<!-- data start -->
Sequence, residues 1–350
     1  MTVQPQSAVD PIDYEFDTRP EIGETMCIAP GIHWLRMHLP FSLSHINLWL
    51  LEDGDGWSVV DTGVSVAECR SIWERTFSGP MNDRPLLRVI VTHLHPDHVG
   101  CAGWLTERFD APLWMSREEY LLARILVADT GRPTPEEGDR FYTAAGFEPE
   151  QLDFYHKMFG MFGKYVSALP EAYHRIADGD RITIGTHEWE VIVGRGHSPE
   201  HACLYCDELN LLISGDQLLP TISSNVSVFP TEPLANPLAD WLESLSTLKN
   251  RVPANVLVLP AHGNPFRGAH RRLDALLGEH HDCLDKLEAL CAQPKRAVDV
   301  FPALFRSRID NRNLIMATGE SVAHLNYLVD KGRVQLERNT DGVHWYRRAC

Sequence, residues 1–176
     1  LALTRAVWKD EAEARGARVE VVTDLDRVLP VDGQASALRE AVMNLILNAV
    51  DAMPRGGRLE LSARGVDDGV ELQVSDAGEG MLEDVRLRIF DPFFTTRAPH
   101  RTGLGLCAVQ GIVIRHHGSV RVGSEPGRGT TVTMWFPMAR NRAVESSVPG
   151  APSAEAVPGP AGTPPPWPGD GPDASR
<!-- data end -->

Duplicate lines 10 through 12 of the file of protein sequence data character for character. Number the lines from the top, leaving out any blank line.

     1  LALTRAVWKD EAEARGARVE VVTDLDRVLP VDGQASALRE AVMNLILNAV
    51  DAMPRGGRLE LSARGVDDGV ELQVSDAGEG MLEDVRLRIF DPFFTTRAPH
   101  RTGLGLCAVQ GIVIRHHGSV RVGSEPGRGT TVTMWFPMAR NRAVESSVPG